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My brother’s keeper

My brother’s keeper

THE MAGAZINE

 

By Jennifer Brandlon

 

On April 6, 2015, a man walked out of a federal prison in Butner, North Carolina, and got a ride to the Raleigh-Durham airport. He flew to Portland, Oregon, and started a new life. His new residence: a fold-out couch in my home office.

 

This is the story of my brother. He had been in prison for close to 10 years. Although our relationship was never a close one, during his incarceration we kept in touch by mail along with occasional phone calls and visits. My heart went out to him as he endured his time. He did his best to stay positive, reading everything he could get his hands on, helping other prisoners when he could, doing a lot of running, and even joining a prison band for a while. But I know most of those years were friendless and comfortless for him.

 

Still, in the couple of years leading up to his release, I wavered when it came to how involved I wanted to be in his re-entry to society. I’m a writer who lives in a small apartment and who greatly values my quiet time alone. His life before prison was, to put it gently, anything but quiet. He has a long history of poor impulse control and shattered relationships. Emotional scars remain fresh within our family circle.

 

And he was going to need a lot. He lacked a stable work history and faced many parole-related restrictions on what he could do, including a permanent ban on computer use. His criminal record would follow him to every job interview. Barriers to becoming self-supporting towered over him as an ex-con. If I tried to help him, would his needs overwhelm me?

 

In the end, my parents and I agreed to give him time and space to try to start over – half a year at my home and half a year at theirs – as long as he was working or engaged in a full-time job search, as well as complying with the terms of his parole.

 

I wondered at the time – and still do now – whether something is broken inside my brother. To make a long story short, in many ways he hasn’t changed. He is still a likable, positive person who wants to help others, but who makes poor choices and gives into impulsive whims. As a consequence, he hasn’t made much progress financially. His access to rent-free shelter will come to an end in a few months, and then he may well become homeless.

 

As the one-year anniversary of my brother’s return approaches, I am faced with the bleak intersection of my limited compassion and his unmet – and maybe un-meet-able – needs. What do we do in the face of brokenness of a family member, someone who is forever connected to us? Where is the path to wholeness in our relationship?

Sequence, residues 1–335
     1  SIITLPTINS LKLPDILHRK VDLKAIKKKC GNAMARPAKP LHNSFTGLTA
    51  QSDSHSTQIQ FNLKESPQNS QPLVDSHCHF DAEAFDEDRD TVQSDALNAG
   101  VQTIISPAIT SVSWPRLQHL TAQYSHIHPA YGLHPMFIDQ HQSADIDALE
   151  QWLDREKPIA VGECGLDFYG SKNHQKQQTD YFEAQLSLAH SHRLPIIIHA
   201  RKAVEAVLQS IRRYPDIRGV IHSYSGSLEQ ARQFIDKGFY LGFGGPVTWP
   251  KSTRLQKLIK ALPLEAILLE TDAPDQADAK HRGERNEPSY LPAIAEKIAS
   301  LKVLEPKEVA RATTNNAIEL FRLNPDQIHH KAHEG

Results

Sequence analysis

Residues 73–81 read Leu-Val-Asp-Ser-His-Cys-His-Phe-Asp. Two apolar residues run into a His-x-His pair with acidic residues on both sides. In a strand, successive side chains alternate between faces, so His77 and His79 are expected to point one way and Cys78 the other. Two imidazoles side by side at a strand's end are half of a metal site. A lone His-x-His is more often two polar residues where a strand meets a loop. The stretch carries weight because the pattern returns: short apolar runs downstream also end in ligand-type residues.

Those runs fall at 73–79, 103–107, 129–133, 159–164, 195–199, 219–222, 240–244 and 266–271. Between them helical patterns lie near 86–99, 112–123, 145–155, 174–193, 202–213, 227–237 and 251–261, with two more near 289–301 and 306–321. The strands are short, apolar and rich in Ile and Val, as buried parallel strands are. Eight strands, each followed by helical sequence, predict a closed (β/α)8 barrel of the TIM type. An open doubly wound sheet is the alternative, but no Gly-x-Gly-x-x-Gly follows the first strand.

Jesus cared about that question, and answered it with example after example from his encounters with people with overwhelming needs, people broken in spirit and health. He ignored their outcast status and stunned them with his gifts of healing and forgiveness. He fearlessly allowed them to become forever connected to him.

 

Was the lesson that we are supposed to do the same no matter what happens afterward? We don’t know if the people Jesus encountered went on to live their lives differently. We don’t know if they stayed healthy or free of demons. But I believe the connection sparked by His acts remained as an unbreakable link to His love.

 

My brother’s needs have, in fact, surpassed what my parents and I can provide. We’ve done what we can to help him start over, but we can’t take away his past mistakes. As much as I would like to, I can’t give him a new, undamaged life. What Christ offers him, as well as me, is simply this – a love that doesn’t fix everything, but bears all things, hopes all things and believes all things.

 

Soon my brother will have to walk out the door and start a new life, again. I’m not sure what will happen afterward for him. All I know is that trying to help patch things up for him was inherently healing, and the connection that came from it feels like one of those gifts only God can give. I can’t go back to not knowing what brokenness is, and that has brought me closer to understanding why Jesus made the least and the lost his priority. Although my circumstances are very different from my brother’s, I have made a new start, too.

 

image: Healing of Peter’s Mother by Rembrandt

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Tracey Henley

My mother-in-law, and consequently the rest of the family, had to deal with a similarly troubled son for much of her life. She never resolved the question posed by the writer here, because she wanted the answer to be, "help him endlessly until he improves." But he wasn't going to improve, because he didn't feel he'd lost his way. She got very out of sorts one day when she called a pastoral counseling service run by a church and the counselor wasn't a pastor, because she wanted a theological answer. Eventually a pastor called her back, heard her story, and advised her to show her son "tough love," the same advice we in the family had been giving her. She decided the pastor wasn't compassionate enough, and ignored his advice.

I don't know what the answer is, but I do know that we as a family struggled for years over the question of what kind of support to provide my brother-in-law, and how much. It ruptured family relationships, which are still broken. It undermined my mother-in-law's health, assisted by her own preoccupation with her son's problems. I can't believe that Jesus wants that kind of sacrifice from us, but perhaps he does, given that he gave his life for our sins. I only know that I could not give any more than I did, and I will have to live with that.

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